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Capital Gain Tax for Overseas Buyers to Tackle London House Bubble

  • George Osborne CGT

George Osborne is considering the introduction of CGT on foreign property investors. The move aims at tackling the issue of soaring prices increase in the South East and particularly London.

Under current legislation, only UK resident home owners have to pay capital gains tax on their properties. The tax amounts to 18% but rises to 28% in case of profit being made when reselling all but first home properties. When overseas investors buy a property in the UK, they are exempted from CGT, if they go on to sell the property in the future. However, many overseas buyer already pay taxes on their UK properties in their own counties.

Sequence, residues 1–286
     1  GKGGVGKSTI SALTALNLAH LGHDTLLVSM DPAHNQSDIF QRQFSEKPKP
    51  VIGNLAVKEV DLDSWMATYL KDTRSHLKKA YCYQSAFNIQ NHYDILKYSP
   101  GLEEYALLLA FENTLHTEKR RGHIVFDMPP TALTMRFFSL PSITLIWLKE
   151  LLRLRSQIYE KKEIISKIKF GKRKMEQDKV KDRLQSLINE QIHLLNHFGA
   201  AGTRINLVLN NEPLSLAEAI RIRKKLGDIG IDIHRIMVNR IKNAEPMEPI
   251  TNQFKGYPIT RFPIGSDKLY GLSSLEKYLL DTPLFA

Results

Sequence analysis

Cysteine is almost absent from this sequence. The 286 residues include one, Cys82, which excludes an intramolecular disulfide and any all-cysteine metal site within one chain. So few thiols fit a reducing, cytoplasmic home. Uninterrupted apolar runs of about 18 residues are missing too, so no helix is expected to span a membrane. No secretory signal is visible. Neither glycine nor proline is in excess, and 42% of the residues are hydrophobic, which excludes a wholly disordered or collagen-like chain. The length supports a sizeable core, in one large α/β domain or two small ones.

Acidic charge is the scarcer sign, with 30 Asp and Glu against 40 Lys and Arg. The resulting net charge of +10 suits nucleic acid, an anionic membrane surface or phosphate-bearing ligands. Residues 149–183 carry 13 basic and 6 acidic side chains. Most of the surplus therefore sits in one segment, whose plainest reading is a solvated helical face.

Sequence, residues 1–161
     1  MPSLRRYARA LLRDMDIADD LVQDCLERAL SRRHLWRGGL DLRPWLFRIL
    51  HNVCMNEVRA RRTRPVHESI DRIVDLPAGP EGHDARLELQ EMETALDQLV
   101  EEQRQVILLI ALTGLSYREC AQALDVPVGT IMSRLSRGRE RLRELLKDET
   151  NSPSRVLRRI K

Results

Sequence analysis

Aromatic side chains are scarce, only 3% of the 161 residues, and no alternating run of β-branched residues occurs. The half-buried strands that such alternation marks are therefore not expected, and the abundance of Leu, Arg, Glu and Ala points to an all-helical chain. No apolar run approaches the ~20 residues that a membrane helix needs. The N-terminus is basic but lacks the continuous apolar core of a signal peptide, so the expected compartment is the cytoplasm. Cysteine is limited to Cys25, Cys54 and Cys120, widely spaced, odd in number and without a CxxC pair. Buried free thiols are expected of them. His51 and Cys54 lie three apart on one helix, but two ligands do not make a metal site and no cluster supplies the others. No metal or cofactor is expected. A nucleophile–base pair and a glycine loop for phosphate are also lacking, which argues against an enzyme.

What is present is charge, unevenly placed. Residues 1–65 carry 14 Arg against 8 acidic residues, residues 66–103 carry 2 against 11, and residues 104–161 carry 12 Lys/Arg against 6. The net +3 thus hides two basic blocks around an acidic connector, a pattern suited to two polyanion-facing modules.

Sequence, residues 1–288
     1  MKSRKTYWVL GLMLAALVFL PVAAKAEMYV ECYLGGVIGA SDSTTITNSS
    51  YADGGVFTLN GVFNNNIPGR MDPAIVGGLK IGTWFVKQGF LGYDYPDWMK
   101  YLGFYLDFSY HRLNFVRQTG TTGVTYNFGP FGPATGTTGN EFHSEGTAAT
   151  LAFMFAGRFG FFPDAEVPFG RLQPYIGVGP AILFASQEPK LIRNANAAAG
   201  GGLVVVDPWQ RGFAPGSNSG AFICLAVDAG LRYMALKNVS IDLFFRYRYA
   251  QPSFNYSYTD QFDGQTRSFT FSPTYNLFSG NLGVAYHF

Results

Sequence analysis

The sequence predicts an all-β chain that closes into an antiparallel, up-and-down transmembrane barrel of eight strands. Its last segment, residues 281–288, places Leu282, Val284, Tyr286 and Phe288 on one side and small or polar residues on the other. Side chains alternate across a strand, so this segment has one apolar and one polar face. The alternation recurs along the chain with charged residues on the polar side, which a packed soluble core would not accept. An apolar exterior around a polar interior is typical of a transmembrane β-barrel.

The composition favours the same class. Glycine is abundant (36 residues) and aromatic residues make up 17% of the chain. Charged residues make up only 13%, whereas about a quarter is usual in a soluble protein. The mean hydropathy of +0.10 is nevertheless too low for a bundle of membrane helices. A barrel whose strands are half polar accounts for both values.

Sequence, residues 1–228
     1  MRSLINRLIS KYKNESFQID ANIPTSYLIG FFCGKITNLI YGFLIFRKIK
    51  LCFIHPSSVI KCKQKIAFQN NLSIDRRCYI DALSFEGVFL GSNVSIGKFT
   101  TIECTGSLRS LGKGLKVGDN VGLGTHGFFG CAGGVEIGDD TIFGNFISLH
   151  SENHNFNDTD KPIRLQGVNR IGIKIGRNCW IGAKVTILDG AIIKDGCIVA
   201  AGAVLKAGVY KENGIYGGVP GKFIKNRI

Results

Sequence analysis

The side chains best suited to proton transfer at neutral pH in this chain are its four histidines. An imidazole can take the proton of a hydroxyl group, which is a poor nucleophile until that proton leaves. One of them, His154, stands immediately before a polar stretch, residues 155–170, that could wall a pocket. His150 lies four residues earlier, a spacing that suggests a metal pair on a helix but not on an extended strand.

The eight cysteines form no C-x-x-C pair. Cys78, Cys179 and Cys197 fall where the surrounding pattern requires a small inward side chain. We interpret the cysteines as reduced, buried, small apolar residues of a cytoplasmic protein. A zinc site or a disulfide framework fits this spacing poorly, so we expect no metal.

With London house prices leaping to an astonishing 10% increase in just one month, it comes to no surprise the property market, especially in London, is more than ever a hotspot in UK finances and high on politician agendas.

According to the Office for National Statistics, house prices in London rose by 9% last August, while every where else in the UK had an average increase of 2%.

The increase has been partly ascribed to the heavy presence of foreign investors, especially for what concerns London. It is a fact that, during times of financial insecurity, one of the most secure places for investment is the UK capital property market.

According to the estate agency Knight Frank, 70% of the most expensive, recently built London properties have been purchased by overseas buyers, 65% of which, it is estimated, intend to rent them out rather than live in them.

The point of chancellor Osborne's idea is that non-resident home owners should pay the same taxes on their properties as British home owners.

Amid fears of driving foreign business out of the UK market, Mr Osborne aims at introducing CGT on foreign property at the Autumn Statement in December, while the Treasury has already assessed provisional costs for the measures.

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